London presents its anti-COVID and post-Brexit budget

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London | British Chancellor of the Exchequer Rishi Sunak presented his budget plan on Wednesday to support the economy of the United Kingdom, brought to its knees by the pandemic and which will have to do without European funds after Brexit.

Rishi Sunak warned over the weekend on Sky News that the UK was under “enormous pressure” and facing a major “economic shock”, suggesting that a first brake on spending was to be expected.

In a speech to parliament around 12:30 GMT, Mr Sunak is expected to announce new measures to support employment, including a ‘fresh start’ mechanism that provides £ 2.9 billion over three years to help ‘more than ‘a million unemployed people looking for work’.

The Chancellor also plans to extend until the end of March an apprenticeship program which allows employers to receive 2,000 pounds for each new apprentice hired, to fight against unemployment, which has risen sharply in recent months in the wake of the pandemic.

This particularly hit aviation, tourism, distribution, catering and nightlife venues and even gyms.

The United Kingdom is the country most bereaved in Europe by the novel coronavirus pandemic with more than 55,000 deaths testing positive.

It is also one of the hardest hit in Europe from an economic point of view: gross domestic product (GDP) contracted from a record 19.8% in the second quarter.

The public body OBR (Office for Budget Responsibility) will unveil its new economic forecasts on Wednesday, on which the government relies.

It should confirm an explosion in the public deficit which could approach 400 billion pounds for 2020-2021, while the debt exceeds 2 trillion pounds.

First savings?

The government has already disbursed around 200 billion pounds, part of which for the partial unemployment scheme finally extended by six months until March 2021 on the eve of the November reconfinement.

If the government rejects any return to the austerity of the 2010s, the minister has suggested a possible freeze of salaries in the civil service, outside the NHS, and a reduction in aid abroad, which has already aroused strong criticism.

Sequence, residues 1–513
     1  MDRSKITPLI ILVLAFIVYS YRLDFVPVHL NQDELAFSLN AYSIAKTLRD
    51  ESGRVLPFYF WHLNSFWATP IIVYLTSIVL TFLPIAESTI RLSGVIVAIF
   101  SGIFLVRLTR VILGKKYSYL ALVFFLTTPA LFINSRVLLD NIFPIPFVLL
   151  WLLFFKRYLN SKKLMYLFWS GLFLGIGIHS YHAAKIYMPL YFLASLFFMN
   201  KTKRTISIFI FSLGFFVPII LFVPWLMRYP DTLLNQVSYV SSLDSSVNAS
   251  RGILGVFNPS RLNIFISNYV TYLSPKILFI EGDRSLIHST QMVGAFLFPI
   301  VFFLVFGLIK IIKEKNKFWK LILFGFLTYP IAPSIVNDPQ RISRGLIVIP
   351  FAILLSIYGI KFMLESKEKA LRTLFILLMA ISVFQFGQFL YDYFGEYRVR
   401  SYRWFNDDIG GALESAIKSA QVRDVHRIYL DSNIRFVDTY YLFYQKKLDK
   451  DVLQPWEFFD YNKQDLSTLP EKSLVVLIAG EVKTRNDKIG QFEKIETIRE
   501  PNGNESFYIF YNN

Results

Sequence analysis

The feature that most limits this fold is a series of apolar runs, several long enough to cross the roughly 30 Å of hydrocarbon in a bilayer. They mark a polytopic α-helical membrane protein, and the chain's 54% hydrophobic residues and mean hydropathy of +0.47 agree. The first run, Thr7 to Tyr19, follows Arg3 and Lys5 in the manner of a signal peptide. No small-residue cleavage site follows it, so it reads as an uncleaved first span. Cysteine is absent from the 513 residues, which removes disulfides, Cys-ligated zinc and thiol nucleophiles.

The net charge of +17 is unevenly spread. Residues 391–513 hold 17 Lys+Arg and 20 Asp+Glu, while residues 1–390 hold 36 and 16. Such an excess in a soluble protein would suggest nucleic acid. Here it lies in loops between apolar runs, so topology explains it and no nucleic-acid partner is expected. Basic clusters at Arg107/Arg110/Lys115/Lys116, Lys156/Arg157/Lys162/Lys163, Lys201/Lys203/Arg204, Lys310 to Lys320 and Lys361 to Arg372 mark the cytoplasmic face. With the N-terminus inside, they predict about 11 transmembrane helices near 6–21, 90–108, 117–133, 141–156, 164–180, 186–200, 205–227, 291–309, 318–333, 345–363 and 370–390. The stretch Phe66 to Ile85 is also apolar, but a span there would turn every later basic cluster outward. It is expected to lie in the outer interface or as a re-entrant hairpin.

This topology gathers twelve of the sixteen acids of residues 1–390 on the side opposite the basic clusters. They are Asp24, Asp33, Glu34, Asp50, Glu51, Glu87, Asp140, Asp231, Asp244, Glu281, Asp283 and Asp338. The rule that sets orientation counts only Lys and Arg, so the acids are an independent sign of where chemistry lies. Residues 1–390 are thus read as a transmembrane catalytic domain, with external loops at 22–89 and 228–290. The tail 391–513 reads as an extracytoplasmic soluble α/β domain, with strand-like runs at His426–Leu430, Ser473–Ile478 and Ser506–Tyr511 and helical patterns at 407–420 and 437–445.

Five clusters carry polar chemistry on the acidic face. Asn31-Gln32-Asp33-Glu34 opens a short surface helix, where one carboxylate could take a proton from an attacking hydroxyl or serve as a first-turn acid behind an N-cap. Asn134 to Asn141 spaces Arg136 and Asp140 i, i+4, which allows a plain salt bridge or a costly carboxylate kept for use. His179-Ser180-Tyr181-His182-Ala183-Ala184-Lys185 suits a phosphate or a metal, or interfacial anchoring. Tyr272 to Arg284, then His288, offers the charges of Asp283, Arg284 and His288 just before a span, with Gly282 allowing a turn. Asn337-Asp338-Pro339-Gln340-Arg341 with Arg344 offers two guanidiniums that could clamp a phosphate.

In addition to protecting jobs, the young minister (40) is expected to unveil 151 million pounds to help take care of the homeless, whose numbers have soared since the start of the pandemic.

He is also expected at the turn on the issue of regional investments to “rebalance” the north, more disadvantaged, with the capital and the south, richer, one of the great campaign promises of Prime Minister Boris Johnson.

Mr. Sunak is expected to announce “tens of billions of pounds of investments”, according to the Treasury, and give details of the “prosperity sharing” fund, announced as the substitute for European structural funds including the north of England or Wales have benefited greatly.

Some 220 million pounds are planned to finance projects such as fiber optics or transport, or a national bank to finance infrastructure and ecological transition, and which will be established in the north of England.

As the post-Brexit transition period ends on December 31, the business community is worried about the lack of tangible progress in trade negotiations between the UK and the EU.

Without an agreement, the WTO regime will prevail with the return of tariffs that would be devastating for many industries.

The automotive industry claims that a “no deal” would cost it £ 55 billion by 2025.

Knowing that the defense of the British border in the face of an influx of illegal immigrants had largely counted in the pro-Brexit vote four years ago, Mr Sunak will announce 220 million pounds to strengthen it.

The NHS, Britain’s revered universal healthcare system structurally underfunded compared to other industrialized countries, is set to be allocated £ 3bn in the face of second wave of COVID-19, while schools, the military are also expected to feature on the budget priority list, in addition to a new counterterrorism center.

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